A word or two on turkey call apps, baiting birds, and roost shooting
Game laws are intended to limit certain equipment and hunting tactics to ensure a certain degree of fair chase. Unfortunately, some hunting gear and strategies, while legal, stray over the line of sporting ethics. As the saying goes, Legal ain't always right. Take the following examples, for instance.
In Maine, It's Legal to Use an E-Caller
In Maine, the use of electronic calling devices for hunting wild turkeys is legal. Yep, you heard right. I was surprised, too, the first time I read this regulation listed under equipment in the lawbook. Fact is, I thought it was a misprint. Predator calling, sure, but turkeys?
The turkey calling tradition — one many of us respect — is founded on using hand-held box calls, or pot and striker combinations, often custom-built, well-crafted devices that are nice to look at and hold. Some are folk art, with painted gobblers and hunting scenes. Mouth diaphragms, difficult to run for some, add to the challenge.
If you can call well enough to master the vocalizations of wild turkeys, and a bird slips into range as a result, that's fair chase. Using an app on your phone to call in a turkey is not fair chase. Apart from this, it sends a bad message to youth or new hunters.
Upside is, no one I know does this. No one I know would.
In Texas, You Can Hunt Over Bait
Supplemental feeders aim at keeping wild turkeys on private properties — especially ranches monetizing hunts.
For instance, in Florida, a wild turkey may not be taken if the hunter is less than 100 yards from a game feeding station when feed is present. Oklahoma is even more specific, saying:
Turkeys may not be hunted or taken within 100 yards of any bait. Baiting is the placing, exposing, depositing, distributing or scattering of shelled, shucked or unshucked corn, wheat or other grain or other feed so as to constitute for such birds a lure, attraction or enticement, on or over any area where hunters are attempting to take them. The taking of turkey over standing crops, grain crops, properly shucked on the field where grown or grain found scattered solely as the result of normal agricultural operations is permitted.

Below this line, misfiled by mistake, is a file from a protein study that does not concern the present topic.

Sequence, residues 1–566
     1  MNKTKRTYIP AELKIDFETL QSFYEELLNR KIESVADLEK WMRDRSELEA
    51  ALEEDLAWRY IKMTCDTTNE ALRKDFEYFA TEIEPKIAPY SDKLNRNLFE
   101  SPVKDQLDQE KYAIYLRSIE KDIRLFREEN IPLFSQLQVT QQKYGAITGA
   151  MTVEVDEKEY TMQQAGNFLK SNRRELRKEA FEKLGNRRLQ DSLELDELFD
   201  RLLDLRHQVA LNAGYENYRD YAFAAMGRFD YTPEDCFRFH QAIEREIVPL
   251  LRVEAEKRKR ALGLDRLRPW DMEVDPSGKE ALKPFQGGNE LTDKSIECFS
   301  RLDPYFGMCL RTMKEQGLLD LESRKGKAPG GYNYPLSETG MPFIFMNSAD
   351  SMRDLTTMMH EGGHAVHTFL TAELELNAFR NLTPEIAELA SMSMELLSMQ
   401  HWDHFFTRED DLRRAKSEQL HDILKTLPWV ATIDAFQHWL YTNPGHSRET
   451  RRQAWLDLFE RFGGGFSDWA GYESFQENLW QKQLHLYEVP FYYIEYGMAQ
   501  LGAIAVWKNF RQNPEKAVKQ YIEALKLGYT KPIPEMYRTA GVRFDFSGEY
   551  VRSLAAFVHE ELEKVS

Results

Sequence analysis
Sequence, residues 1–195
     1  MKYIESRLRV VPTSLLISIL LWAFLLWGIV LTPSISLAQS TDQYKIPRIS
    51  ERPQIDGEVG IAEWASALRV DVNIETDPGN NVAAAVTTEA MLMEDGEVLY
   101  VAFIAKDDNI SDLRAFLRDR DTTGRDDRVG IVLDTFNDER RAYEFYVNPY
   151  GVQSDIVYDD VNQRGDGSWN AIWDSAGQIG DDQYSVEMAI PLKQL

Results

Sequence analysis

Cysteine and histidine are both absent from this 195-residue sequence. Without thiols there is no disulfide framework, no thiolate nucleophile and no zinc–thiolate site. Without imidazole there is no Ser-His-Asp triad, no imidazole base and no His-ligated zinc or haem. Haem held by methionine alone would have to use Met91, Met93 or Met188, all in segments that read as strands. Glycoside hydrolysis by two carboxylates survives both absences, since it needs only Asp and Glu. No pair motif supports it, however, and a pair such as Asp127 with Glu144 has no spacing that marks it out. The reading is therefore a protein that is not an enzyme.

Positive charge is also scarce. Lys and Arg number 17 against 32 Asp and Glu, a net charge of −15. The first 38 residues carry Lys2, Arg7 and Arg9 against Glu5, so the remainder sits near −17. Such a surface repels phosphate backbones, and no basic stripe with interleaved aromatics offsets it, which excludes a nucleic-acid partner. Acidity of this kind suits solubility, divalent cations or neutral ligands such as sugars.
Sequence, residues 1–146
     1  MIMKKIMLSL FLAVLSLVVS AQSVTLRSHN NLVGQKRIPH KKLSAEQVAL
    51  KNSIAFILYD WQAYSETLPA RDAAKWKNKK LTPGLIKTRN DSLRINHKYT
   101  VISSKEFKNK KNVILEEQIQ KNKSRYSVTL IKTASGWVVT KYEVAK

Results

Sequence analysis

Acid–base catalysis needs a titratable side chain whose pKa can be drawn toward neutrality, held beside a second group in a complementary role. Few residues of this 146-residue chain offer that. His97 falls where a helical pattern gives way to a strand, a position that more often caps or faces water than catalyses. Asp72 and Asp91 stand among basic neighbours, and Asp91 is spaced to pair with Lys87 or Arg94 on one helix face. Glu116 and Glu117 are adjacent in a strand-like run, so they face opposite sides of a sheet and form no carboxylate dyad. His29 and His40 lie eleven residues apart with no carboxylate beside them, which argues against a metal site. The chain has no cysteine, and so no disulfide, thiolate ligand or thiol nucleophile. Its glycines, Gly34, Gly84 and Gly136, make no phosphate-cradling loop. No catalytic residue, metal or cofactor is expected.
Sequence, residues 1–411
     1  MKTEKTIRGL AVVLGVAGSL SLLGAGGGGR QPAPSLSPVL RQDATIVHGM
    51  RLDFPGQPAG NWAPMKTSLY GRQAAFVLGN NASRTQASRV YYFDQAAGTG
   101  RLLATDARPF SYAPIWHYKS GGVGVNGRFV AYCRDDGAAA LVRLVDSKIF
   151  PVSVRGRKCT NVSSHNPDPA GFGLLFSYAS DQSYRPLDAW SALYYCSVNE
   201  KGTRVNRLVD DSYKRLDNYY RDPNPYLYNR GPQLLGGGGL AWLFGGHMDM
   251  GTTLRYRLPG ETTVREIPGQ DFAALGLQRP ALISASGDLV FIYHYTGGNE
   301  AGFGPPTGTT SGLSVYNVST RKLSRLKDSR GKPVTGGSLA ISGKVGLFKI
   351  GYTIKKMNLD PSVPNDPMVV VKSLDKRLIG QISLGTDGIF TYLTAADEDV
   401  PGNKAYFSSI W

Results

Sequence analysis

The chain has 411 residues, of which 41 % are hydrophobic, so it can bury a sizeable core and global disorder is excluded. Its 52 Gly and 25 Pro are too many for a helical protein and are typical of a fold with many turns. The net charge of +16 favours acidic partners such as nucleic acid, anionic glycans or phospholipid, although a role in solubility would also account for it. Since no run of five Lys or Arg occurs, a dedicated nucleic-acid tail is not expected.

In others however, like neighboring Texas, wild turkeys are baited to private ranch feeders without apology. You can sit right there and kill one if you want. Fact is, it's encouraged ... though it's sure not fair chase. Yeah, in some ways, baiting turkeys is a geographical deal, even an accepted philosophy of game management.
Down South, baiting is more common on private properties; again, even legal. Up North, in places like Vermont, baiting turkeys is illegal. The Green Mountain State regulation reads: No person shall use electronic calling devices, bait, live decoys, or participate in cooperative drives for turkeys.
Is it fair chase setting up the legal distance from a feeder? Sometimes it is; sometimes it isn't. Doing so tips the scales in your favor a bit more. Fair chase baiting a turkey directly to your setup? Uh, no.
In New York, It's Legal to Shoot a Turkey Off the Limb
Wild turkey prohibitions should include the words it is illegal to shoot a turkey in a tree. Maine makes it illegal. Many states prohibit it. A good number of states don't. Possibly errors of omission?
In New York state, unlike Maine, you can't use an electronic calling or amplifying device to locate or hunt turkeys. But it is perfectly legal to shoot one out of a tree. Why? Because it's not specifically stated as being illegal.
As turkey hunters know, it's not all that hard to approach a roosted bird under the veil of darkness. Shooting a turkey out of a tree is not fair chase.
Easy Does It
We should be careful. The decimation of wild turkey flocks in the 20th century resulted from unbridled tactics, baiting and roost shooting included. Then again, wild turkey call apps are likely just a quirky feature in our world of hand-held devices. Right?
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